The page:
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From Mixed Race America:

A few weeks ago, as I was teaching East of Eden, I ended up explaining why one of the characters, a Chinese American man who goes by the name “Lee” never married. And one of the things I contextualized for my students was in the time of the novel, the first two decades of the 20th Century, Lee’s marriage choices would have been severely curtailed because of two legal restrictions: the Chinese Exclusion Act of 1882, which effectively barred Chinese immigration to the U.S., and anti-miscegenation (anti-inter-racial marriage laws), which effectively prevented Chinese men from marrying outside of their ethnic group.

My students had not heard the word miscegenation, so I had to explain what that meant, and then began the line of questioning: which states had these laws and when were they repealed. They seemed genuinely surprised when I told them that Loving v. Virginia finally abolished all such laws in the nation in 1967, and I reminded them that just because it was now legal for two people of two different races to marry, that it wasn’t socially acceptable among some communities and families. For example in Alabama and Mississippi, there are some high schools that have two proms, a white prom and a black prom (and a few years ago a High School principal made national news for barring an inter-racial couple from attending one of these proms–although I can’t remember whether it was the white or black prom they were barred from).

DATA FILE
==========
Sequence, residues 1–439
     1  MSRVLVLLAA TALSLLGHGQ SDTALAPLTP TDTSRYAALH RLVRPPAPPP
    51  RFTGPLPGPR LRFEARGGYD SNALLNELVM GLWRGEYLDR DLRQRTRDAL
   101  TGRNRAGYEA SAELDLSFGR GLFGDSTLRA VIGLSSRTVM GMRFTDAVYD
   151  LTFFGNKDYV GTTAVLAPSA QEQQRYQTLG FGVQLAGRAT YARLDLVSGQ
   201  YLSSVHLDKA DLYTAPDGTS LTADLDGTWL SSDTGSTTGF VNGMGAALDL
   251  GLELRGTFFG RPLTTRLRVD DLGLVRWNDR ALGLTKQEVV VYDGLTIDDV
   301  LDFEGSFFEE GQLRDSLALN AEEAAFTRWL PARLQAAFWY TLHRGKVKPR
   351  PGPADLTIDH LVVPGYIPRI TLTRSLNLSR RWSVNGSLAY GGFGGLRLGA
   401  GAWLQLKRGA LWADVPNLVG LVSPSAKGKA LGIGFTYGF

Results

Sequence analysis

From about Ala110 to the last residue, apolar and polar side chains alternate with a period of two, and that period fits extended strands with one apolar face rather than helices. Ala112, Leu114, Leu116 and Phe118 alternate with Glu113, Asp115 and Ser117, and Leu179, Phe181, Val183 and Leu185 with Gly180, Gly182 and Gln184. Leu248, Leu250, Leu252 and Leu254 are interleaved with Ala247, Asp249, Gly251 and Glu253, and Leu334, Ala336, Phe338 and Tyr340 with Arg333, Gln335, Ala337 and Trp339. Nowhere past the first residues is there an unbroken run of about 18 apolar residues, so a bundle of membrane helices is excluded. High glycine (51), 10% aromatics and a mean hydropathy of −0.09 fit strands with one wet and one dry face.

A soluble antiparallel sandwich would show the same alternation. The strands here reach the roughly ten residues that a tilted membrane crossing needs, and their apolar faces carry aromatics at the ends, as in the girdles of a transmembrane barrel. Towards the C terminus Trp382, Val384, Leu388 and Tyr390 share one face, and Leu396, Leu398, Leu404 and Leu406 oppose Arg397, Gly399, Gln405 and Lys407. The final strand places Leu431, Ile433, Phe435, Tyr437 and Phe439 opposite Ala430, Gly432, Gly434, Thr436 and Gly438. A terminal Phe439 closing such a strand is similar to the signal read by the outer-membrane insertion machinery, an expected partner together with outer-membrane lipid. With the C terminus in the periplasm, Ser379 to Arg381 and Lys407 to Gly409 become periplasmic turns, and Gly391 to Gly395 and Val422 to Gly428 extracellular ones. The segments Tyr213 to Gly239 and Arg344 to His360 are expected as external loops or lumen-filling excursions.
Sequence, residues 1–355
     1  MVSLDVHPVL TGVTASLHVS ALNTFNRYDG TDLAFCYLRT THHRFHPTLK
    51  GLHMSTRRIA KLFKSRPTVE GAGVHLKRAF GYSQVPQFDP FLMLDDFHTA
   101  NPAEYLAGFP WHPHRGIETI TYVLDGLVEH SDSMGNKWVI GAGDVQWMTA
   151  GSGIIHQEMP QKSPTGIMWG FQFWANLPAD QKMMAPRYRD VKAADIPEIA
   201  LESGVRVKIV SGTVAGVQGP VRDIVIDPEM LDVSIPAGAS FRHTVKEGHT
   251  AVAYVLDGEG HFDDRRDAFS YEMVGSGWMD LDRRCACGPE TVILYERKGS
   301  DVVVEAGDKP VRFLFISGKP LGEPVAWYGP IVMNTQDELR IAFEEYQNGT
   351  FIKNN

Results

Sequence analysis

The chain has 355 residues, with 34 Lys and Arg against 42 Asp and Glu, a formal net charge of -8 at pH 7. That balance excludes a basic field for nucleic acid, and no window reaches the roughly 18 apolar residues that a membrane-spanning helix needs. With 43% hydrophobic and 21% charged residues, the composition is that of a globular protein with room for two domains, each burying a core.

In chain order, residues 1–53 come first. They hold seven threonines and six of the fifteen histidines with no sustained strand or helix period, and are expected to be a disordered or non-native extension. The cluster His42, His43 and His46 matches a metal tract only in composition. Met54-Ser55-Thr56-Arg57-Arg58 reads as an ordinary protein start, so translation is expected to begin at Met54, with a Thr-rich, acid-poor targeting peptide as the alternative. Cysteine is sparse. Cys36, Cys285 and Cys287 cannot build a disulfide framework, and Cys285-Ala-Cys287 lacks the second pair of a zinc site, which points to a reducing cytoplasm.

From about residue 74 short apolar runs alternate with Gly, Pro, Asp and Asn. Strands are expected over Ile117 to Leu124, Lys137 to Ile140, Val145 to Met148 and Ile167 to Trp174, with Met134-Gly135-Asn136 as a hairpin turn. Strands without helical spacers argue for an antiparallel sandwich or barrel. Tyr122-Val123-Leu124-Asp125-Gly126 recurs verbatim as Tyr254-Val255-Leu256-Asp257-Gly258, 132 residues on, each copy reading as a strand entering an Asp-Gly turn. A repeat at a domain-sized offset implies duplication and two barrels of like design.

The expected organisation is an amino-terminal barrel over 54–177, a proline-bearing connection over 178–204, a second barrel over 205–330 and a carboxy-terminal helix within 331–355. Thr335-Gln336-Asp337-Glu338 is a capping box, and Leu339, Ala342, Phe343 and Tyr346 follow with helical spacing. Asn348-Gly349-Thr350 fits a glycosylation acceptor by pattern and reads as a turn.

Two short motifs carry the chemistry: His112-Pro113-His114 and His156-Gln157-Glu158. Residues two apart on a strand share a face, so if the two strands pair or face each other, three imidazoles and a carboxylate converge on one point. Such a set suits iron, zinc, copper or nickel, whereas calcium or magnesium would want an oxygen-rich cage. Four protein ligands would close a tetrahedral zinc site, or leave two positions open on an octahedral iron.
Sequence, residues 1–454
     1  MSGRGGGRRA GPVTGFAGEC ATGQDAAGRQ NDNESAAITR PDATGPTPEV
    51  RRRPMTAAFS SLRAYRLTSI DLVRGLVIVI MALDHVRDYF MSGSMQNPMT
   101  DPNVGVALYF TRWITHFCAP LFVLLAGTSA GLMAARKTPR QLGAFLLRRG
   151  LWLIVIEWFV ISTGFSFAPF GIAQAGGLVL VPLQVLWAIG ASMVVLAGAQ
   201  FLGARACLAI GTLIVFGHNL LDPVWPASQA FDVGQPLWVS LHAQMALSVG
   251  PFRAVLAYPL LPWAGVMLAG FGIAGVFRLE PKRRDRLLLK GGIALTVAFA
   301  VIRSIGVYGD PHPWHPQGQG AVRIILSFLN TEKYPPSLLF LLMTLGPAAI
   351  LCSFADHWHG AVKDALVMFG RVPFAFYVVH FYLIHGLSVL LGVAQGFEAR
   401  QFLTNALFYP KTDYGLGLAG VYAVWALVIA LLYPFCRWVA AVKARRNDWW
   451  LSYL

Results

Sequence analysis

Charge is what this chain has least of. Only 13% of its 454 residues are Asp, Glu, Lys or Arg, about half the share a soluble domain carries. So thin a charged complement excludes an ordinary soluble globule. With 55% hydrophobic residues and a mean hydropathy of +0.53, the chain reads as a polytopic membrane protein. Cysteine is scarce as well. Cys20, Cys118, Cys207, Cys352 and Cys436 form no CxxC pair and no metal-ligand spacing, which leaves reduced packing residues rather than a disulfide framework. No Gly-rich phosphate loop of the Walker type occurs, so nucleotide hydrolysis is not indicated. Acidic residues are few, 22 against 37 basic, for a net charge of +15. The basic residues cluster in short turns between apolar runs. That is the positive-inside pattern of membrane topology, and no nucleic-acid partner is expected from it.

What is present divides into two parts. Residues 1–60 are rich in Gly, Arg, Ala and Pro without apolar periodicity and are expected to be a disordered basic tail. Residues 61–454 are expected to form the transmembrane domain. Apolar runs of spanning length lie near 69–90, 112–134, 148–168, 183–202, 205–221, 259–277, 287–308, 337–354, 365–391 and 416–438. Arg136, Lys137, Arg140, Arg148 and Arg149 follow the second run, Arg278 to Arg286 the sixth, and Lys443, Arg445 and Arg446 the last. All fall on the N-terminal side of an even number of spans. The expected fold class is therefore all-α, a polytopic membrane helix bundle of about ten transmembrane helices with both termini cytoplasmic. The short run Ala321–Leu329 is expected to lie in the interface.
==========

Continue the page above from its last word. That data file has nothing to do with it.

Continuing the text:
And I mention all this because my students were just shocked and surprised. I suppose some could say that they are naive. But at 18 and 19, what college student isn’t? Read more…

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About Tami

Tami Winfrey Harris writes about race, feminism, politics and pop culture at the blog What Tami Said. Her work has also appeared online at The Guardian’s Comment is Free, Ms. Magazine blog, Newsweek,, Huffington Post and Racialicious. She is a graduate of the Iowa State University Greenlee School of Journalism. She is mom to two awesome stepkids and spends her spare time researching her family history and cultivating a righteous 'fro.
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